Nepomuceno’s OCD road far from paved

There is no typical day for Department of National Defense Undersecretary Ariel Nepomuceno, the Administrator of the Office of Civil Defense and concurrently the executive director of the National Disaster Risk Reduction and Management Council.

Today, he could be briefing top officials on the extent of the damage from an intensity six earthquake in the north, the next calling the Social Welfare Secretary to apprise him of the damage caused by a super typhoon in the southeastern part of the country.

Nepomuceno’s recent visit to the Daily Tribune office got us into a conversation about his college days when it was an exciting time for one to be young.

It was not a straight path that he took. Like many young people of the 1970s to the 1980s, he had fought for his principles, took a break from school, and later went back with a different outlook.

But it was an experience that would define his choices in life and in the way he would serve his country. The boy who had defied rules has made a name for himself by simply being aggressive, progressive, and socially responsible. He could be firm but he could be compassionate and caring.

In Ariel’s case, his eventual chosen path was a career in government, although he also pursued the life of an entrepreneur. To move fast forward in our story, Ariel was appointed as Administrator only last December 2022. Way back 2010 to 2011 he was already the executive officer of the OCD.

He was born in 1965 in Malabon to parents who were separated when he was still in grade two. He was the youngest of the four children from his father’s first nuptials. His father, Renato Nepomuceno was a public servant assigned to the public market. His paternal grandmother, Josefina Nepomuceno, became his full-time surrogate mother.

“Growing up with my grandmother meant praying the rosary every day. I was with her all the time before I entered grade one. I was beside her when she prayed the rosary at night. I would close my eyes but I could hear her mouthing the rosary,” he related.

“I would accompany her when she went to the market in Divisoria. We would ride the jeep and I was seated on her lap so I was not charged my fare.”

“When she heard mass at six in the morning, I would accompany her. Our house was just at the back of San Bartolome Church.”

No wonder that he once wanted to enter the Oblates of Mary Immaculate Seminary. “I passed the written exam but I failed in the interview.  I don’t know why,” he said.

When he finally joined the Philippine government, he had seen enough of his country, the worst and the best of it, “to make me promise to myself I will do my part to help my country in the best way I can and I know.”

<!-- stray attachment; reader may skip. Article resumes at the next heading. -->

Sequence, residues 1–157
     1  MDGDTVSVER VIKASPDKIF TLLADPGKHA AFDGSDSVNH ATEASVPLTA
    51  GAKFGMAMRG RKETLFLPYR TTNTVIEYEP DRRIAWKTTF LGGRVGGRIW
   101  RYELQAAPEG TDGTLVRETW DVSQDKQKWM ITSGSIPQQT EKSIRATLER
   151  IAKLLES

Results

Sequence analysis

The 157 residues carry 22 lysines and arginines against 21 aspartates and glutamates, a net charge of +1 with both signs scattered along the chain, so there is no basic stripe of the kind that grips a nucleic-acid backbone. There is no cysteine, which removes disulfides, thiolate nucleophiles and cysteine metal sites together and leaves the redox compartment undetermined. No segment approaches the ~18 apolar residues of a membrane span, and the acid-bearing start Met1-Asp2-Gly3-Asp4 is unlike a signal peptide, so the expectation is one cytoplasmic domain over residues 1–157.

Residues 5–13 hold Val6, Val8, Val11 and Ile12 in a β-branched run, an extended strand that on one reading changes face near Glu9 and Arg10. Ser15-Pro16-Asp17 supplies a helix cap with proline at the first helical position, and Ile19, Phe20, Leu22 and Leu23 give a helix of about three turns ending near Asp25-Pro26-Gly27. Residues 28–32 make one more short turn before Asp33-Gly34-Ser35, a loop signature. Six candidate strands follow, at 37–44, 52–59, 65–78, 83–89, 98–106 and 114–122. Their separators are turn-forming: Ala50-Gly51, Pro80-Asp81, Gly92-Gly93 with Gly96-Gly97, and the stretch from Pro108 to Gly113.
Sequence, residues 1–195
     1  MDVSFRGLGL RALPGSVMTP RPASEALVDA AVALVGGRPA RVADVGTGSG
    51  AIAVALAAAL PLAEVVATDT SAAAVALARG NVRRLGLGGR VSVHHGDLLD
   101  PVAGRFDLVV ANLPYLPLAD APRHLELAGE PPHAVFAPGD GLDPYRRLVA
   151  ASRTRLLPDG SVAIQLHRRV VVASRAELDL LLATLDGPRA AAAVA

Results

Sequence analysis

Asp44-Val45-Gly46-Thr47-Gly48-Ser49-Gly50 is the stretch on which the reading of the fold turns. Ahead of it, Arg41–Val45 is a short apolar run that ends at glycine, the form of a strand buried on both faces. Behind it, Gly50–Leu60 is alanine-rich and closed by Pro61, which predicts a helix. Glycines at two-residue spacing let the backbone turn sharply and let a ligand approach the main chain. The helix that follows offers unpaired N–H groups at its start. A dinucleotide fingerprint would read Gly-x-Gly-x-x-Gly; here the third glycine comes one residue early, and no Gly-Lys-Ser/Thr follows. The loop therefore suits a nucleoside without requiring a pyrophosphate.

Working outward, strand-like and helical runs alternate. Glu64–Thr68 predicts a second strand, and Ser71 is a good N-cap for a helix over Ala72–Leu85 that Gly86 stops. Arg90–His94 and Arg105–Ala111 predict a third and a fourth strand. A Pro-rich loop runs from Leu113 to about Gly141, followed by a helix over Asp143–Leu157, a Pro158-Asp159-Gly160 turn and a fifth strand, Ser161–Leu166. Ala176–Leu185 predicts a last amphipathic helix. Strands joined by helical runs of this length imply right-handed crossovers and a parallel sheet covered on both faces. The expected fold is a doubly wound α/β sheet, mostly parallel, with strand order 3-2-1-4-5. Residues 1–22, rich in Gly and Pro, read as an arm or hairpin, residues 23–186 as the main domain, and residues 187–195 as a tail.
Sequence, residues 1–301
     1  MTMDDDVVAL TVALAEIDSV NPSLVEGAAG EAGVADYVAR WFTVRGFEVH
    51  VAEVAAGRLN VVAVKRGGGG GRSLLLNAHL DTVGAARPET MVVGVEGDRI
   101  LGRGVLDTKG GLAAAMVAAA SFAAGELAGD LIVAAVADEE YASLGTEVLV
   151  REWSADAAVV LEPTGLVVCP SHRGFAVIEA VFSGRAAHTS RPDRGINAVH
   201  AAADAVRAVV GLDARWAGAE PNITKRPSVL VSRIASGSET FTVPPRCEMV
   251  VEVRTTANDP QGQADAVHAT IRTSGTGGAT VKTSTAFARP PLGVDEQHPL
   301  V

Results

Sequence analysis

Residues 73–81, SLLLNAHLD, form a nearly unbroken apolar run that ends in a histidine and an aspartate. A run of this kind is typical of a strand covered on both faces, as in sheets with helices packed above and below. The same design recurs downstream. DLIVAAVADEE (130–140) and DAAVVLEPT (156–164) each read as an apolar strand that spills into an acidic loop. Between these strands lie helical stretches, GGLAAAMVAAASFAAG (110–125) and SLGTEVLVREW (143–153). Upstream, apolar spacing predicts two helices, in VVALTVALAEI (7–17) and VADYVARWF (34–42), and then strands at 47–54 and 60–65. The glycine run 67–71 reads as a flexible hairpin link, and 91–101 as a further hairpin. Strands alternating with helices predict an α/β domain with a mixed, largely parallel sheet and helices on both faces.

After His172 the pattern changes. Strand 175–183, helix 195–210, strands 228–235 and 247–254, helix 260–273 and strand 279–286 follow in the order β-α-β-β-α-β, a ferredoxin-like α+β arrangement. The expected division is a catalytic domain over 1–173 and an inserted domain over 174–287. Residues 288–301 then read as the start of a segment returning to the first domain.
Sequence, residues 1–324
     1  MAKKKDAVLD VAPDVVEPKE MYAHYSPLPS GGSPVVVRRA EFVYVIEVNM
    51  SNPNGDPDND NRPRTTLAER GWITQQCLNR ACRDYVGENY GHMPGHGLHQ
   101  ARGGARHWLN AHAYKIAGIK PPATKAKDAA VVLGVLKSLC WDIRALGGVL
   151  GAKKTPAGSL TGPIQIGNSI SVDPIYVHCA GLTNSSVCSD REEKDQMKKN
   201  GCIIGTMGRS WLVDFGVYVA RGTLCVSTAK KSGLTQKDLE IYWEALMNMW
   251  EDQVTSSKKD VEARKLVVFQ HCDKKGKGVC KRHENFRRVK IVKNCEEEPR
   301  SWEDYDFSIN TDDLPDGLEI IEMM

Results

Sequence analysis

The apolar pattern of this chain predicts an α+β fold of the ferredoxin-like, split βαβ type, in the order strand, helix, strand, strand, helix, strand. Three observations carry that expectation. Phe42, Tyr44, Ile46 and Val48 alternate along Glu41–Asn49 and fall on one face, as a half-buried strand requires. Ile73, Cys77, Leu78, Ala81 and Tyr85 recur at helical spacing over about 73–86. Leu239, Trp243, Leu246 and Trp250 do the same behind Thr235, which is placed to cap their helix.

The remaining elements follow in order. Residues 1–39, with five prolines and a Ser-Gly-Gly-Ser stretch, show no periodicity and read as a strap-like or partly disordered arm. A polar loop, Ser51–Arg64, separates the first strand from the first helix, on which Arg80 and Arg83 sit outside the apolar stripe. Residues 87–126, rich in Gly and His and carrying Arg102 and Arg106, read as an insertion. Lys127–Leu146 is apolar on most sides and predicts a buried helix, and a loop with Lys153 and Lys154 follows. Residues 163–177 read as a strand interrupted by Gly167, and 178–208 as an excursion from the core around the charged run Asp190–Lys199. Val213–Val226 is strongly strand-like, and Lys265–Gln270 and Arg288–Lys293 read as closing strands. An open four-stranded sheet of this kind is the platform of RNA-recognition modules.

It is a promise that he continues to fulfill, but that is another story that deserves to be told.

Since the family was financially challenged, he applied to only one school, the Philippine Military Academy because of the free tuition.

“My dream was to become an architect. But I couldn’t raise the 65 pesos I needed as my application fee for the entrance exam to UST,” Ariel confided.

He was one of the youngest of his batch when he entered the PMA because “a lot of my classmates studied at least two years in other universities before entering PMA.”

He did not graduate, though, due to an infraction he committed, for which he had to leave the academy. The long and short of this adventurous episode was that the young idealistic cadet felt that an unfairness on the part of the institution had been committed.

He then returned to Manila and enrolled in Economics at the University of the Philippines.

While at the University of the Philippines, he joined the intelligence service of the Armed Forces of the Philippines as an undercover agent. It was the time of the Alex Boncayao Brigade and they were killing policemen and bombing public places. It was my way of protecting myself. “At some point, I got burnt out and left,” he remembered.

After a brief rest, he returned to UP. “This time, I majored in History. It became my pre-law course.” He was taken in because “then-president Edgardo Angara allowed my entrance to the University on condition that I maintain this high average every semester. It was quite a tall order so I really had to study hard.”

Along the way, he applied for a job to Channel 2. “I started as researcher-writer since I loved writing. Then I became a field reporter of Magandang Gabi Bayan. I was one of the pioneers, along with Noli de Castro. So I worked for channel 2 for more than four years kaya lang. I eventually resigned because I could not have a high profile career while being an undercover agent for the Intelligence Service of the AFP or ISAFP.”

He next joined the Senate where he became a researcher and speechwriter of Senator Heherson Alvarez, his fraternity brother.

It had been a wonderful time for Nepomuceno. He now looks back with fondness on those halcyon days while realizing “I learned my lessons that have made me the person I am today.”

Read more Daily Tribune stories at:

Follow us on social media
Facebook: @tribunephl
Youtube: TribuneNow
Twitter: @tribunephl
Instagram: @tribunephl
TikTok: @dailytribuneofficial